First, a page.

[Show abstract][Hide abstract] ABSTRACT: Proprotein convertase 4 (PCSK4) is a member of a family of proprotein convertases that convert inactive precursor proteins into their mature and active forms. PCSK4 is expressed by testicular germ cells and localizes to the sperm acrosome, suggesting roles in fertilization. Mice lacking PCSK4 exhibit a profound fertility defect; yet, to date, few substrates for PCSK4 are known. In this study, two-dimensional differential in-gel electrophoresis analysis was carried out in order to identify proteins that are altered in spermatozoa from PCSK4 null mice. Herein, we report that the sperm fertilization molecule acrosin-binding protein (ACRBP)/sp32, which normally undergoes processing from a 58.5 kDa precursor to a 27.5 kDa mature form, is not proteolytically processed in PCSK4 null mice and thus may be a substrate for PCSK4. However, analysis of the ACRBP sequence did not show a strong consensus site for convertase cleavage, suggesting that ACRBP processing may require the activity of a yet unknown enzyme that itself may be a PCSK4 substrate. Further analysis of spermatozoa from the PCSK4 null mice showed that proacrosin did not undergo autoactivation, supporting a role for the mature form of ACRBP in the regulation of proacrosin conversion into different acrosin isoforms. Finally, examination of ACRBP localization revealed a previously undetected morphological defect in the head/acrosomes of spermatozoa from PCSK4 null mice. Taken together, these results demonstrate that the fertility defect in the PCSK4 null mice may in part be due to altered ACRBP protein processing as well as abnormalities in the sperm head/acrosome.
Molecular Human Reproduction 02/2012; 18(6):298-307. DOI:10.1093/molehr/gas009 · 3.75 Impact Factor
[Show abstract][Hide abstract] ABSTRACT: Sperm-zona adhesion is an essential event in mammalian fertilization, failure of which causes sterility. However, the molecular mechanisms involved in this process are still poorly understood. It has been suggested by few laboratories studying gamete interaction that acrosomal molecules are implicated in sperm-zona pellucida adhesion prior to the acrosome reaction (AR). Zonadhesin, a sperm-specific protein located in the acrosome is critically involved in zona binding. Here we describe the cellular and molecular interaction of zonadhesin during fertilization and also discuss its role in species-specific gamete interaction--an intriguing question in biology. We propose a model in which sperm could transiently expose acrosomal molecules that adhere to the zona independently of the AR in a 'kiss and run' mechanism. This could be a valuable framework for further investigations and a detailed understanding of the molecular events during gamete adhesion is likely to provide new approaches for the design of more effective male contraceptives and better diagnostic methods for sperm dysfunction.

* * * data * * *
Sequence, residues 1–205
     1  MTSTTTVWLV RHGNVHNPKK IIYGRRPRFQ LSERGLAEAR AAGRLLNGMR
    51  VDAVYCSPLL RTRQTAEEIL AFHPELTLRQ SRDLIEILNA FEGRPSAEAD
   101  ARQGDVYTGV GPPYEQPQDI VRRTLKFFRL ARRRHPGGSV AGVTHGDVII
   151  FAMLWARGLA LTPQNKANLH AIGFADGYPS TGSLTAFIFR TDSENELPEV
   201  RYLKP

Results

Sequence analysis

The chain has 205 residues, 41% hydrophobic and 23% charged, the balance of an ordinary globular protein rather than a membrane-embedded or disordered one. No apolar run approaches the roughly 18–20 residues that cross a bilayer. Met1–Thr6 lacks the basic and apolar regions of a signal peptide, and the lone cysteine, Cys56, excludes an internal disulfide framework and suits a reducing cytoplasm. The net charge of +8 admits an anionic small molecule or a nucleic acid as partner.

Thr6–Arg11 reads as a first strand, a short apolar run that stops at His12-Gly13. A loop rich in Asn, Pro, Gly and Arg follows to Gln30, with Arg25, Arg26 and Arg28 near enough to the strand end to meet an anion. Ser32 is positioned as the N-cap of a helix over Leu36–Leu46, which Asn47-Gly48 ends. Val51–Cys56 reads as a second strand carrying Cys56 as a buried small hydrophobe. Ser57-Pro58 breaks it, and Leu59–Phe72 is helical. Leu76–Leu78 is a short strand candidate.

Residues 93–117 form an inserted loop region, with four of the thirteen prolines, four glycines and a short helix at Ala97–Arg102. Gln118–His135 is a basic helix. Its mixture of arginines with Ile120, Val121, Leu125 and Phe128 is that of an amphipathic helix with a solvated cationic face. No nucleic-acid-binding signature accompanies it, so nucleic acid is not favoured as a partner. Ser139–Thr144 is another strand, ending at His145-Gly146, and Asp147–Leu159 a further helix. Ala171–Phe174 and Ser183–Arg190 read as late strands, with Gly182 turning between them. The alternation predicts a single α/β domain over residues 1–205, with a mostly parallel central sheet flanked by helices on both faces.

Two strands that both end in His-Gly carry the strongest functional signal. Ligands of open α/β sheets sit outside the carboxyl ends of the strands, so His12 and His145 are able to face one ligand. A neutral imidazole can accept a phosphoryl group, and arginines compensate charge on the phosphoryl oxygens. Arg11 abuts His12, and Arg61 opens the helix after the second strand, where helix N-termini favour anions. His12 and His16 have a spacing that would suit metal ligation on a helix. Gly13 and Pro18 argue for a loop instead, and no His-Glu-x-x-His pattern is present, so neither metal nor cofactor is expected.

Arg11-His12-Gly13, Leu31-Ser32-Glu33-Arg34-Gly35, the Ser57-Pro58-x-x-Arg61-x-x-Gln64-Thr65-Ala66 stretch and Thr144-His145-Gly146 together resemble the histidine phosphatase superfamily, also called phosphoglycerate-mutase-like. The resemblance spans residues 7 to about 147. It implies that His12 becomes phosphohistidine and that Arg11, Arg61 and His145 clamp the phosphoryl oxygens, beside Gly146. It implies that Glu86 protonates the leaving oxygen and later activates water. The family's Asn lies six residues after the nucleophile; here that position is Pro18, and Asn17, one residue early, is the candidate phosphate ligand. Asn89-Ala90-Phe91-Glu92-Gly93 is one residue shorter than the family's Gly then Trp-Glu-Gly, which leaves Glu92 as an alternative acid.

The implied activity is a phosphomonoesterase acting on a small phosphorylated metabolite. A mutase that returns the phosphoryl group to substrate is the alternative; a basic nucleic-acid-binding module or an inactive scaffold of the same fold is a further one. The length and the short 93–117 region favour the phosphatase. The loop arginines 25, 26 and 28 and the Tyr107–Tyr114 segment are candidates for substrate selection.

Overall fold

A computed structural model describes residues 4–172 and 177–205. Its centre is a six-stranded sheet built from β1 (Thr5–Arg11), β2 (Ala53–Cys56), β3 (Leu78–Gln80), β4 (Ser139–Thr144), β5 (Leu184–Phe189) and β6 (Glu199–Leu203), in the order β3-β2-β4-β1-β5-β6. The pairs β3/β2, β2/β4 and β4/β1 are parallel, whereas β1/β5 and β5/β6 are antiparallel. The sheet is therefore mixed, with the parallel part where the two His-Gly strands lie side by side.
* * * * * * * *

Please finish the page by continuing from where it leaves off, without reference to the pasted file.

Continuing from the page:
Molecular Human Reproduction 05/2011; 17(11):661-8. DOI:10.1093/molehr/gar039 · 3.75 Impact Factor
[Show abstract][Hide abstract] ABSTRACT: Artificial insemination has arguably been the most important practice contributing to the advancement of animal production. The numerous advantages of artificial insemination are augmented when the semen is cryopreserved and conserved for long periods. Unfortunately, the utility of cryopreserved semen is limited because for most mammals, even cattle, a considerable proportion of sperm loose their fertility during freezing-thawing. In many species, this loss of fertility is substantial, rendering cryopreserved semen impractical for routine use. Our goals are to characterize the nature of the sublethal sperm damage caused by cryopreservation, and to develop a method to improve the functional fertility of thawed semen. This review describes our theory that sperm are prematurely activated by cryopreservation ("cryo- capacitation") and discusses strategies for preventing this damage.
The Canadian veterinary journal. La revue veterinaire canadienne 09/2003; 83(3):393-401. DOI:10.4141/A03-024 · 0.52 Impact Factor
[Show abstract][Hide abstract] ABSTRACT: After ejaculation, mammalian spermatozoa must undergo capacitation to fertilize. Capacitation of bovine spermatozoa occurs in vitro in medium supplemented with heparin. Semen cryopreservation is an important tool for assisted reproduction, although the fertility of frozen-thawed spermatozoa is reduced, possibly due to precocious capacitation-like changes that are known to occur. Our purpose was to clarify the mechanisms involved in bull sperm cryocapacitation induced by cryopreservation. Our general hypothesis is that the signaling pathways that lead to capacitation are triggered by the cryopreservation procedure. Ejaculated bovine semen was divided into two aliquots and diluted in extender; one was then kept fresh, whereas the second was cryopreserved. Western blots of extracted sperm proteins with anti-phosphotyrosine antibody showed that capacitation, induced by either heparin in fresh sperm or cryopreservation (cryocapacitation), is associated with a differential profile of phosphotyrosine-containing proteins. Immunolocalization of phosphotyrosine-containing proteins in the fresh and cryopreserved spermatozoa showed that, after thawing, cryocapacitated sperm displayed labeling over the acrosomal region, whereas for fresh sperm, this labeling appeared after 5-h incubation with heparin. The chlortetracycline assay and the ability of the sperm to undergo the lysophosphatidylcholine-induced acrosome reaction were used to confirm that a subpopulation of cryopreserved sperm is capacitated at thawing, irrespective of heparin inclusion. Since glucose is known to inhibit heparin-induced capacitation, the semen extender was modified to include glucose as a means of inhibiting cryocapacitation; however, cryocapacitation was not prevented according to the chlortetracycline assay and profile of phosphotyrosine-containing sperm proteins.